Taco Joe’s: A Ghost Kitchen is Born

A western Pennsylvania restaurant looks to the future with a novel concept.
A soft-shell taco topped with tomatoes

How do you update an 83-year-old, fourth generation ice cream and burger operation to face what’s ahead in 2021? For Valley Dairy in western Pennsylvania, you launch a ghost kitchen featuring tacos.

It was a decision rooted in pandemic necessity, the future and growth opportunity. Even though Valley Dairy made a pre-pandemic push to utilize third-party delivery services, only 3% of business at Valley Dairy’s 11 restaurants was takeout.

Then came the COVID-19 shutdown, and all of the business became off-premise. Once the dining room opened at limited capacity, about 15% of takeout business remained. For the restaurant team and Gordon Food Service, that signaled an opportunity to shift some thinking.

“We’re known for our ice cream, but we sell breakfast, lunch and dinner too,” says owner Melissa Blystone. “We were joking  that my grandfather would be surprised that we were looking at tacos and ghost kitchens. On the flip side, he’d be so dang excited that we were doing everything we can to make money during these crazy times.”

A ghost kitchen emerges

So how did Valley Dairy get from ice cream to tacos? Blystone and Director of Operations Tom Webb reached out to Sales Representative Phoebe DiBello, who teamed up with Business Solutions Specialist Christine Morgan to create a checklist with stages of starting a ghost kitchen.

The checklist provided a step-by-step plan to create a business visible only to hungry people searching on third-party delivery platforms. It covered product development, brand development, creating a menu and devising a strategy for opening.

One goal was to create a small menu that utilized many products already on hand. Two ideas that emerged were burgers and tacos.

“You guys were pushing the tacos because not a lot of people in our area do tacos,” Webb says. “We thought we could stand out in that avenue and not poach from our Valley Dairy customer base.”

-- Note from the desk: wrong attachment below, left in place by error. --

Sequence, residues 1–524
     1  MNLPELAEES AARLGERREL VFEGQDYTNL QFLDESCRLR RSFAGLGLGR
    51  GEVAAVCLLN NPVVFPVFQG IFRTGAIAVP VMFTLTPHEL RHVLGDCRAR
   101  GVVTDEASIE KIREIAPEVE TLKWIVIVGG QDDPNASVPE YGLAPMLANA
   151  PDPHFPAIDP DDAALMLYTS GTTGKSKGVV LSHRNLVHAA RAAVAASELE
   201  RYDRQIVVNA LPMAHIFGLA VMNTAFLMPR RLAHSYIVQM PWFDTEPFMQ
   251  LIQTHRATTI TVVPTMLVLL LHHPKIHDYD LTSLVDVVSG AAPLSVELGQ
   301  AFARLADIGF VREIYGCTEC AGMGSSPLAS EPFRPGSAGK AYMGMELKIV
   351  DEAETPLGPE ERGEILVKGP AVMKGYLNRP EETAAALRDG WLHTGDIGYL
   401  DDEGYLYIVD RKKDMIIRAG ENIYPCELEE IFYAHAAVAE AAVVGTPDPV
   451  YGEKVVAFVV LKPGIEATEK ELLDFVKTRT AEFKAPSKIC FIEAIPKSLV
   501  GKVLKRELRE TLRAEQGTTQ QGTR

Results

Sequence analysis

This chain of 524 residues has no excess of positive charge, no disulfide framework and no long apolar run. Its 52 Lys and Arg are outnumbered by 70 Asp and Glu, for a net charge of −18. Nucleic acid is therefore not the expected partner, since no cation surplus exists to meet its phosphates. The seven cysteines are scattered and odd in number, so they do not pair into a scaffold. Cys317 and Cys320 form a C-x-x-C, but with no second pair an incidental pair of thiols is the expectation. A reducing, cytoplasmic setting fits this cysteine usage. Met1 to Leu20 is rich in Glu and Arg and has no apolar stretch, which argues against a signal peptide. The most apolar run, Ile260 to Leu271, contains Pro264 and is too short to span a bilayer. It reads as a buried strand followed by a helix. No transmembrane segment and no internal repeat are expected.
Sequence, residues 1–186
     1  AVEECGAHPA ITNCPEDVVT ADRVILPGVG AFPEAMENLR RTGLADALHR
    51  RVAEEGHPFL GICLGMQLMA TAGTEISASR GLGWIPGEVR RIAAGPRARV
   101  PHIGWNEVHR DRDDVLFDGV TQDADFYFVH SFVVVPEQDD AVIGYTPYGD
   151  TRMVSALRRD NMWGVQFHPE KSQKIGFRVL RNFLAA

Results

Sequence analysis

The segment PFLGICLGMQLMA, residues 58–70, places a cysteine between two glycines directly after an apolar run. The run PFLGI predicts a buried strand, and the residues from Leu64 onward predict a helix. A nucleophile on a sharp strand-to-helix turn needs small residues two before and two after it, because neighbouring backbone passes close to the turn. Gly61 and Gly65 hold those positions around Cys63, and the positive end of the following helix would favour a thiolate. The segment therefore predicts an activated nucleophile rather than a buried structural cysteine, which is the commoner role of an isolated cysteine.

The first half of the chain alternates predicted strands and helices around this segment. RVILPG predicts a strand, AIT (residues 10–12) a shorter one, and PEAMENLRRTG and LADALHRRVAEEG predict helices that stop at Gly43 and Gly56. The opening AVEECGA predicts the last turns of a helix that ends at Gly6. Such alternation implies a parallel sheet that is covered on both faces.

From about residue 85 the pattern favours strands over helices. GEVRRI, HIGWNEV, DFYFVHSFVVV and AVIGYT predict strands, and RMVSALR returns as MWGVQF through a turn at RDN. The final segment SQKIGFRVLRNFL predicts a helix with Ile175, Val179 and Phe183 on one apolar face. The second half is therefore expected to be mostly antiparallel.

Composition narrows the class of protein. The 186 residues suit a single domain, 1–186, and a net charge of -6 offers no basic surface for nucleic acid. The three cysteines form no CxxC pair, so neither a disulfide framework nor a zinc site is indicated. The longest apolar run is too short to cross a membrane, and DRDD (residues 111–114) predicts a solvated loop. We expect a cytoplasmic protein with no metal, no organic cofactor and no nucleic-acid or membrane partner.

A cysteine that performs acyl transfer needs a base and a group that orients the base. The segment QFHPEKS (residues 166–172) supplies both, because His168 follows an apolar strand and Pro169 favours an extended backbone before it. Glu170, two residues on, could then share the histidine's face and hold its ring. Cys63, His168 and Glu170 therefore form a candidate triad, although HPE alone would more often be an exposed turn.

With that, Taco Joe’s was born. 

A ghost kitchen menu for today and beyond

Gordon Food Service Culinary Specialist Ralph Scurci helped create a menu that consists of three basic tacos—beef, pork and chicken—and specialty tacos that include a Nashville Hot Chicken Taco and a Boom Boom Pork Taco for those who like the heat. 

There also will be a Chipotle-like taco bowl, a made-to-travel deconstructed nacho platter that customers can build at home, and sides like beans, rice or cheese. And for dessert, there’s churros with caramel sauce.

The menu is completely different from the menu in the restaurant. The goal was to capture a different subset of customers Valley Dairy currently isn’t reaching,” Morgan says. “That lends itself well for now and for post-pandemic.”

It’s a plan Webb and Blystone think will work. When customers come back, they don’t want the ghost kitchen to vanish. “When we’re back open and running 100 percent, having the ghost kitchen, having our regular restaurant delivery, we can be over the top with sales,” Webb believes. “We definitely want to make this successful so it stays with us in the future.”

Creating a ghost kitchen footprint

For now, Taco Joe’s will operate only from the newest Valley Dairy location in Belle Vernon. The food will be assembled inside the restaurant’s kitchen and delivered to areas in a radius served by DoorDash or Uber Eats.

The prospects for success look good. When doing a search for tacos online, the only other restaurant that came up was Taco Bell. While it’s impossible for Valley Dairy to compete with a national chain’s advertising budget, the next step will be to market Taco Joe’s as a local alternative.

“Now that they have the concept, they need to work on building a social media presence, create an app and start marketing as a standalone restaurant,” DiBello says. “They need to work with their staff to build some organic following, potentially looking at some paid advertising to get a premiere listing as they lead up to their grand opening.”

The move to a ghost kitchen was accelerated by the pandemic, but a bigger off-premise footprint was likely approaching with changing consumer desires.

“We’re so operationally minded that we needed Gordon Food Service’s expertise on how to approach this,” Blystone says. “If everything works out great, Taco Joe’s will be at all 11 restaurants.”

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